On the future

Perhaps I have mentioned before, that I cannot predict the future. No one else can, either, and no one can save himself. That, “we’re all gonna die,” I don’t take as a prediction, any more than that the sun will come up again tomorrow — and whether or not one accepts Darwin, or Copernicus. Maybe some day the sun won’t rise, but in that case gentle reader will not be needing predictions.

The Prophets did not make predictions. They were not economists. They were more like routine journalists, or reporters. Each received a message, from God, which he reported to the Israelites. Old-fashioned reporters, to a man: I should think their principal concern was getting the message right. (My usual apology for intruding on theology.) But if God seems to be making a prediction, one should listen up.

Being, myself, neither a Prophet, nor the son of a Prophet, but a mere herdsman, as it were, I make predictions like the world makes predictions. For instance, that the pot which just slipped from my hand, will land on my toes. True, some predictions like that can be reliable. But they are seldom of more than passing subjective interest. It is only when one makes grand unlikely predictions that one is able to elicit subjective interest in others. That’s where asteroids, and climate change come in. Or, “Trump wins,” to scare half the population; or “Trump loses,” to scare the other half.

A more interesting question remains, whether he wins or loses. My view, that either result will lead to chaos, is not actually a prediction. Rather it follows from the observation that we have chaos now. Further, that neither of the alternative parties, in Natted States or most other Western countries, can do much besides sprinkle some additional chaos over the top.

This is because (another observation), there is no philosophical integrity, either on Right or Left. Perhaps a little more on the Left, because it is more consistently destructive, and progressing from irreligion, to outright satanism. Whereas, the Right is holding with irreligion, and just spinning at the moment.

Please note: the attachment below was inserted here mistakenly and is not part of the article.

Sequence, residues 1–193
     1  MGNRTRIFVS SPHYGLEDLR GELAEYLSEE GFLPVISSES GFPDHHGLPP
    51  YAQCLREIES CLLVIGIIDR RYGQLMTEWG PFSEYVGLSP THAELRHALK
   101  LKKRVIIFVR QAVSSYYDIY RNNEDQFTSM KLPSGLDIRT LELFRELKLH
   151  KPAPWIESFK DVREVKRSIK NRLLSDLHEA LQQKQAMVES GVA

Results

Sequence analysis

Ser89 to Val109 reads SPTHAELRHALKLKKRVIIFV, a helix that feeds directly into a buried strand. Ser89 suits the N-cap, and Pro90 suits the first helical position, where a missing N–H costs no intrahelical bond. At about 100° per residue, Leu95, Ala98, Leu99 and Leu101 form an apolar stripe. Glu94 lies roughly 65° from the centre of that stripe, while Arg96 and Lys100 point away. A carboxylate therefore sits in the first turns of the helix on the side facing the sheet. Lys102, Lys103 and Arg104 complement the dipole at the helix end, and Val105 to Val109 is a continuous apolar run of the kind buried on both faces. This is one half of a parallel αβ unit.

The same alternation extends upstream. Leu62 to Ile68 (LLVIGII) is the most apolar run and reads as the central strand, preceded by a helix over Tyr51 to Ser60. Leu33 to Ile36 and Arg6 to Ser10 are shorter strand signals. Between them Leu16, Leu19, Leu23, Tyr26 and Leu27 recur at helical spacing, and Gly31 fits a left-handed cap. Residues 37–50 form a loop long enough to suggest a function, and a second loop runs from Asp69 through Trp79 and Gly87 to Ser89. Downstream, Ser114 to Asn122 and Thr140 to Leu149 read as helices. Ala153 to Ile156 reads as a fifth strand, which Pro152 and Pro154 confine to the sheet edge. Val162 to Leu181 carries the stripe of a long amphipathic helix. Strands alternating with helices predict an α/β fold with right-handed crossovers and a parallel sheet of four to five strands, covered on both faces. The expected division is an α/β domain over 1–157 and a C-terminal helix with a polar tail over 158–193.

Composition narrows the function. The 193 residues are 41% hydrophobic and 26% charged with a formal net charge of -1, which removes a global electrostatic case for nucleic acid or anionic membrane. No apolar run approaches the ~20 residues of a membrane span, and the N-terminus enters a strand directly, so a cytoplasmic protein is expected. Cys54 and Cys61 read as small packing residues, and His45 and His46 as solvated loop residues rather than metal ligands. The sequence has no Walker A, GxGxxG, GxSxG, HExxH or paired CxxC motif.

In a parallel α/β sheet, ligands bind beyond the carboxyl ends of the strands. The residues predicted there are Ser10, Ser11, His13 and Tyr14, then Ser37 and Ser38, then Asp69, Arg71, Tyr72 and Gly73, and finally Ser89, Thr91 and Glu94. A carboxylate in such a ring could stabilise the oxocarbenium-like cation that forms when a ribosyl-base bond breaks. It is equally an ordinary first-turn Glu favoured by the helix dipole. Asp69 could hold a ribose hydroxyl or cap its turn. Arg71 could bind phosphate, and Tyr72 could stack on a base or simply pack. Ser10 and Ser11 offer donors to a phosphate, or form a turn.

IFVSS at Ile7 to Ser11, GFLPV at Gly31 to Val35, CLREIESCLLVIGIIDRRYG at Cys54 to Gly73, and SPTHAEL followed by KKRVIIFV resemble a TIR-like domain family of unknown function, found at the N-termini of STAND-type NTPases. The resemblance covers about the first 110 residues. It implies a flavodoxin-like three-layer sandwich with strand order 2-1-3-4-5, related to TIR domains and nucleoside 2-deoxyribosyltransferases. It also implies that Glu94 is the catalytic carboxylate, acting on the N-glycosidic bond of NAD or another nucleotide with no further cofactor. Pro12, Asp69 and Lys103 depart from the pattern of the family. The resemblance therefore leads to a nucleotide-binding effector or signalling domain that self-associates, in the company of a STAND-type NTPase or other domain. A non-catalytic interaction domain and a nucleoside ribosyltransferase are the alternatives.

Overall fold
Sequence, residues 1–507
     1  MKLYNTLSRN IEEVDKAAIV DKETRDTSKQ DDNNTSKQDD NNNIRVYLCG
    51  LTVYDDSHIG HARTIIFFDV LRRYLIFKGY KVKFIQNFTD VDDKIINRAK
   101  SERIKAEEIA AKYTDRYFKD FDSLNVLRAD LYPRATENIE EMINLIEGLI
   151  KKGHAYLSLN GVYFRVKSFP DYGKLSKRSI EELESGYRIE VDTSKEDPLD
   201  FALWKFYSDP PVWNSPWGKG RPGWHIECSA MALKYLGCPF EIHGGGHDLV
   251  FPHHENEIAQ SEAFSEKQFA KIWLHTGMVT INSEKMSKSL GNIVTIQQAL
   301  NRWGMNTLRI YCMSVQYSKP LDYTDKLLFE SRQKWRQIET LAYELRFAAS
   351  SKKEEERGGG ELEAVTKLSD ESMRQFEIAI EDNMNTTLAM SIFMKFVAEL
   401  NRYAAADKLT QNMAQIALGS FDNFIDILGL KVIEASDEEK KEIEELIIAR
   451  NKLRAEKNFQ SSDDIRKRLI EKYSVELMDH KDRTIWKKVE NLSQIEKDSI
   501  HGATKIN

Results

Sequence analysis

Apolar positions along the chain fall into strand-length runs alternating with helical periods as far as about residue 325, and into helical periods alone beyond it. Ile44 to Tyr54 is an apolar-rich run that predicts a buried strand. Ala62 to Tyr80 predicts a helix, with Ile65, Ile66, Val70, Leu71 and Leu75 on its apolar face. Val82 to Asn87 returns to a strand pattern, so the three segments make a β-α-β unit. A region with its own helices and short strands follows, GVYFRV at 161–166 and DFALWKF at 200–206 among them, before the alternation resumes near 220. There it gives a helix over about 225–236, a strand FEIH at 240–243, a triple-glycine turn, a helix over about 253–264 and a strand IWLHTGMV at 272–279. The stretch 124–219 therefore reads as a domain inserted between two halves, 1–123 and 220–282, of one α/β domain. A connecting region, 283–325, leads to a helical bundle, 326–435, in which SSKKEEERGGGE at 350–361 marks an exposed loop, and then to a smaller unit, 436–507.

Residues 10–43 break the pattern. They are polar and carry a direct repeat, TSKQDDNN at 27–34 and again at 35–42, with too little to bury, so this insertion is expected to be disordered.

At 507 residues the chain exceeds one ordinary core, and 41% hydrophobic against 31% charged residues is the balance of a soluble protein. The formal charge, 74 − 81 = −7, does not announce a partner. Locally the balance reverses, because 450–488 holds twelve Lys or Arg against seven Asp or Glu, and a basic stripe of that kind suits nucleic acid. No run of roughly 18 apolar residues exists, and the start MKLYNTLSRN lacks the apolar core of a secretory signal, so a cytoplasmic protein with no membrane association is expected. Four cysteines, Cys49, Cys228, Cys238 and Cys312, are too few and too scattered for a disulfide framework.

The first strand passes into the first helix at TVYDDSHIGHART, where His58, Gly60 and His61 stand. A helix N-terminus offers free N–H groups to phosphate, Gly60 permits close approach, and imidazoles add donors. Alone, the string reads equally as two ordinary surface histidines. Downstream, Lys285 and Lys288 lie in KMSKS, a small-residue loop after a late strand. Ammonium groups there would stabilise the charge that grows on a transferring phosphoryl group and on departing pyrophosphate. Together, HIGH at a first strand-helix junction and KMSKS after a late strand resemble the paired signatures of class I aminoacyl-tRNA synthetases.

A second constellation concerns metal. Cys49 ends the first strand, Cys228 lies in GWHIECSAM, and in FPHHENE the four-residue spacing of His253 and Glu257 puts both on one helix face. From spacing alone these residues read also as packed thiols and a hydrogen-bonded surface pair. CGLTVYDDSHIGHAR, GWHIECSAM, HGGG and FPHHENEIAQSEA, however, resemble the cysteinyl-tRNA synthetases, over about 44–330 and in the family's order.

My own position is like that of the “liberals” I grew up with: neither pro- nor anti-Trump, but anti-anti-Trump, the way my generation were anti-anti-Communists. Actually, I deprecate him myself, for a long list of reasons, such as whimsical policies on the trillion-dollar scale; nevertheless, I support him as the least available evil.

But tell that to the ineffectual Louis XVI, on his way up to the guillotine. That man was also a (mild) liberal and reformer. He was always willing to give his lethal enemies half of what they wanted. He, too, lacked a philosophical spine. As “absolute monarchs” go, he was a klutz — symbol of a power already hollowed out. Like Trump, just trying to ride the tiger. The ideal enemy for a genuine revolutionary, one might say. And history is full of Louis XVIs. Unfortunately, it is also full of genuine revolutionaries. And it doesn’t take all that many of them, to seize the instruments of power.

This last is less a prediction, or an opinion, than a little-known fact. The great majority of Frenchmen were not enthused by the downfall of King Louis, nor Russians by that of Czar Nicholas, or either by the fall of any of the mediocrities who first replaced them, trying to preserve a few constitutional norms. “The peeple” could never have voted for what was coming, as they won’t be voting now. They were just trying to get on with their lives, as opportunistic as any of their leaders.

Those “peeple” have no philosophical heart either, let alone experience with rudders. They’d need such things to take their own stand. Those noble individuals, who resist ruthless revolutionary tyrants, generally end up in the same way: friendless and dead.

I am not even expecting the next Revolutionary War to be coherent. Things just happen. No predictions from me.